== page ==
Signed by:
THE UPSTATE COALITION TO
GROUND THE DRONES AND END THE WARS

 

35 Resisters Awaiting Trial for Opposing the Drone Murder Program

Via Malachy Kilbride, here's a list of 35 names of people from across the country who will be going to court at some point for actions against the drones.  Others, of course, already have been to court and in some cases are behind bars.

Dan Burgevin, Jim Clune, Jack Gilroy, Martha Hennessy, Bryan Hynes, Ed Kinane, Rae Kramer, Julienne Oldfield, Mary Snyder, Elliott Adams, Judy Bello, Mark Colville, Paul Frazier, Clare Grady, Mary Ann Grady-Flores, Andrea Levine, Bonny Mahoney, Mike Perry, James Ricks, Mark Scibilia-Carver, Paki Weiland, John Heid, David and Jan Hartsough, Sharon Delgado, Jane Kesselman, Shirley Osgood, Ann Wright, David Barrows, JoAnn Lingle, Toby Blome, Alli McCracken, Joan Nicholson, Eve Tetaz, and Jonathon Tucker.

Why only these?

Jeju Protester Given 18 Month Jail Sentence

By

002 Prof. YangProf. Yang Yoon-Mo was sentenced today to 18 months in prison for protesting against the construction of the naval base in Gangjeong Village! The crime?  Obstruction of business and jeopardizing the construction of the so called ‘joint civilian-military use base’!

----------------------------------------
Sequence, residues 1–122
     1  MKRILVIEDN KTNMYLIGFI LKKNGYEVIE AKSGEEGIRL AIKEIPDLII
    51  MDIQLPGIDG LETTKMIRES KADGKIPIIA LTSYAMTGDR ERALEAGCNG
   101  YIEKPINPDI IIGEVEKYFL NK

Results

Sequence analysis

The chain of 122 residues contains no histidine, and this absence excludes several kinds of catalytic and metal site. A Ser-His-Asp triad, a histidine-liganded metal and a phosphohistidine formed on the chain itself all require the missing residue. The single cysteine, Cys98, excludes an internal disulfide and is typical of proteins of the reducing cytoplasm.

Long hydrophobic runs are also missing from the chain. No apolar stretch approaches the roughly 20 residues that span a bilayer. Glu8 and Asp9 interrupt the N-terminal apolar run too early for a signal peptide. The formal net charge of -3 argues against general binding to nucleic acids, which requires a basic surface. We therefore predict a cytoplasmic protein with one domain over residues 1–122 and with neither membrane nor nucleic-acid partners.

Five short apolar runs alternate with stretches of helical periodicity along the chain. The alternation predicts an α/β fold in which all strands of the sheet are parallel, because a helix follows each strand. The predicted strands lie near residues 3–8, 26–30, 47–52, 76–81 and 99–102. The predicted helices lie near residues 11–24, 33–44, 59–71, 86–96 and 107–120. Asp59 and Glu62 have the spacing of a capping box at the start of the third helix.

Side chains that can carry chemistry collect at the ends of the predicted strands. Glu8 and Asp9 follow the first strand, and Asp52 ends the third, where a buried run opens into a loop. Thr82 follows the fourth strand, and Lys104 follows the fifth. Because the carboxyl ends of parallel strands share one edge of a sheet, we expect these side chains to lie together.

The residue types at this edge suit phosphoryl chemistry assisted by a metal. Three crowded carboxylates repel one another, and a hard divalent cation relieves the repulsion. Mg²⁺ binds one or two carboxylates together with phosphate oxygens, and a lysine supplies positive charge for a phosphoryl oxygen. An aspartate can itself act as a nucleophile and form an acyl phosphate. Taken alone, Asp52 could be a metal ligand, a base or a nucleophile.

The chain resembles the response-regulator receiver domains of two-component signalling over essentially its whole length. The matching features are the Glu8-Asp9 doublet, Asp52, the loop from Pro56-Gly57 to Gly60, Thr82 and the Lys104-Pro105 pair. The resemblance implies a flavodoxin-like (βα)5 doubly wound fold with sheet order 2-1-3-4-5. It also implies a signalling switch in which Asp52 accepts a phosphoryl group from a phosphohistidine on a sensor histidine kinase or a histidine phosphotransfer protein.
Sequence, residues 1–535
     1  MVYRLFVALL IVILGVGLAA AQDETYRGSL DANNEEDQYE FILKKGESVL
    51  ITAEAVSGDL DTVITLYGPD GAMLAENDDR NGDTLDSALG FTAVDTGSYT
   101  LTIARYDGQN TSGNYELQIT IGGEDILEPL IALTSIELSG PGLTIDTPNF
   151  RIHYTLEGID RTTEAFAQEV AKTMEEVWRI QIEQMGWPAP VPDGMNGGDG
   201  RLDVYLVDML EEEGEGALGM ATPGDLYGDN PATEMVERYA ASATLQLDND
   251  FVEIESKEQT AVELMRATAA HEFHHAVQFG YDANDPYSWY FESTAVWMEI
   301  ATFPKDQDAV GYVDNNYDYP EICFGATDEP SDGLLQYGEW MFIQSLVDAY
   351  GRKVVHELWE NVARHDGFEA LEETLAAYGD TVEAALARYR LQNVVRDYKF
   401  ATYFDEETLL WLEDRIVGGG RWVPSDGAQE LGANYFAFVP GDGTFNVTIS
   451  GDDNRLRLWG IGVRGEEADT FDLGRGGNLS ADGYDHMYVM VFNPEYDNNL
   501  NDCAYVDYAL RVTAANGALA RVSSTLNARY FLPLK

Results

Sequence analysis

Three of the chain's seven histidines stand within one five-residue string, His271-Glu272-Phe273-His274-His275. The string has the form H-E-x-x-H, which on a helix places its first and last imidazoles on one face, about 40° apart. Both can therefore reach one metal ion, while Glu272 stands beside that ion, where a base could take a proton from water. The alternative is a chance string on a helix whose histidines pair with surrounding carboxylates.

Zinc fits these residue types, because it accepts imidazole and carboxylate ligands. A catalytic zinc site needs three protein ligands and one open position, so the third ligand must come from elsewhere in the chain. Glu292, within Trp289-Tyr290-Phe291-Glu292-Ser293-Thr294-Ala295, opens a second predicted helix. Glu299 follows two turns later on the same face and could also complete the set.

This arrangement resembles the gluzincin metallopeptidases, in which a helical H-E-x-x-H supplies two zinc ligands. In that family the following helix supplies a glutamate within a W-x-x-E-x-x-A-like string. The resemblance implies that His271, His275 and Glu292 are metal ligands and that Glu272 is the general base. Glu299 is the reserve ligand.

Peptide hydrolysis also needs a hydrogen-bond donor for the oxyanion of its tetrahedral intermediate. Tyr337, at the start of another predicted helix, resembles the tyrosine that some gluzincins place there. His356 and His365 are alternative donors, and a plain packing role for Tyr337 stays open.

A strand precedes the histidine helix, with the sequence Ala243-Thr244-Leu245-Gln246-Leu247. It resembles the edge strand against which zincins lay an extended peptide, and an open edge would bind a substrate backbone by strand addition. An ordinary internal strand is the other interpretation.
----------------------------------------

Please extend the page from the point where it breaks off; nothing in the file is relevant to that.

Not only do the ROK government and the ROK Navy continue the lies and deception, but the courts do their part to beat back those who protest the military expansion of the U.S. in Asia and the Pacific.

Professor Yang has risked everything to stop the construction. This is Prof. Yang’s fourth prison sentence. He previously went on a hunger strike for 70 days. Professor Yang left a 30 year career as a prominent South Korean film critic to protest against the base on a full-time basis. During my stay, I had the privilege of meeting him and filming his daily protests at the gates. Professor Yang will be given a prominent role in my documentary.

http://www.indiegogo.com/savejeju

The video clip of Prof. Yang resisting the police is by Korean filmmaker Cho, Sung-bong.

Here’s a brief video of Professor Yang.

Video: Rosalie Riegle on Her Book "Doing Time for Peace"

Random Row Books, Charlottesville VA, January 2013, More: http://davidswanson.org/node/3919.

The Sierra Club Begins to Get Serious

The Sierra Club has decided to promote nonviolent civil disobedience for the first time.  Before a climate habitable for humans collapsed was probably the right moment, I'd say.  Now might be a time to support and encourage the Sierra Club.  And now might be a time to nudge it further.  The top destroyer of the environment right now is the U.S. military, and the Sierra Club has never wanted to challenge it, but almost began to indirectly when it recently objected to the U.S./South Korean construction of a naval base on Jeju Island.  The Sierra Club is defending its decision to nonviolently resist evil on the grounds that doing so is "patriotic," as if patriotism is a force alligned with preservation of the earth.  More progress is needed.

Speaking Events

2015

April 25 Houston

May 8 New Jersey

May 30 NYC here and here

August 27, Chicago